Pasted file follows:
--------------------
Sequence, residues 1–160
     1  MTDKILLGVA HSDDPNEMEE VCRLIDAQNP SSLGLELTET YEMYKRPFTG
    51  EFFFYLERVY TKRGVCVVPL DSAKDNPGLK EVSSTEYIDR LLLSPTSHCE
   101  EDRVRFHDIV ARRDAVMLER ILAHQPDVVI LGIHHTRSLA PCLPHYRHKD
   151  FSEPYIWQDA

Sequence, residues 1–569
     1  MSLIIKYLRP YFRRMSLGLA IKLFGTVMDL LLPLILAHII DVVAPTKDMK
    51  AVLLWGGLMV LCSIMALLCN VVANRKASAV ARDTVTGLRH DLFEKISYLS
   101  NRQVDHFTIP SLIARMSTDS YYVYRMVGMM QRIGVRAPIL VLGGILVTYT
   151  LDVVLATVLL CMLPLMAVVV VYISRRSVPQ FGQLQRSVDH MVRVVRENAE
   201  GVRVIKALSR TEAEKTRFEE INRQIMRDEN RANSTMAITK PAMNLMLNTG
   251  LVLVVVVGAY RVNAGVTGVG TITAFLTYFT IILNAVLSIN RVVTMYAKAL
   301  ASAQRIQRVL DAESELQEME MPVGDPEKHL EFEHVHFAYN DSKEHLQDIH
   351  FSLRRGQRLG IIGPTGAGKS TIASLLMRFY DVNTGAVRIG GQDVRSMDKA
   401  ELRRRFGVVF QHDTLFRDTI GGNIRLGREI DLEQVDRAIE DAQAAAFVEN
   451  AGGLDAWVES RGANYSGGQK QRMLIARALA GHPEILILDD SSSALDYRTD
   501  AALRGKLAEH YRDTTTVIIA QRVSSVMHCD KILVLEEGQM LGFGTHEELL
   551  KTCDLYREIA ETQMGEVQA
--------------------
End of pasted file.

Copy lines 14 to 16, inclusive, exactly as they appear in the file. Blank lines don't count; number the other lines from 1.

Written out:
   351  FSLRRGQRLG IIGPTGAGKS TIASLLMRFY DVNTGAVRIG GQDVRSMDKA
   401  ELRRRFGVVF QHDTLFRDTI GGNIRLGREI DLEQVDRAIE DAQAAAFVEN
   451  AGGLDAWVES RGANYSGGQK QRMLIARALA GHPEILILDD SSSALDYRTD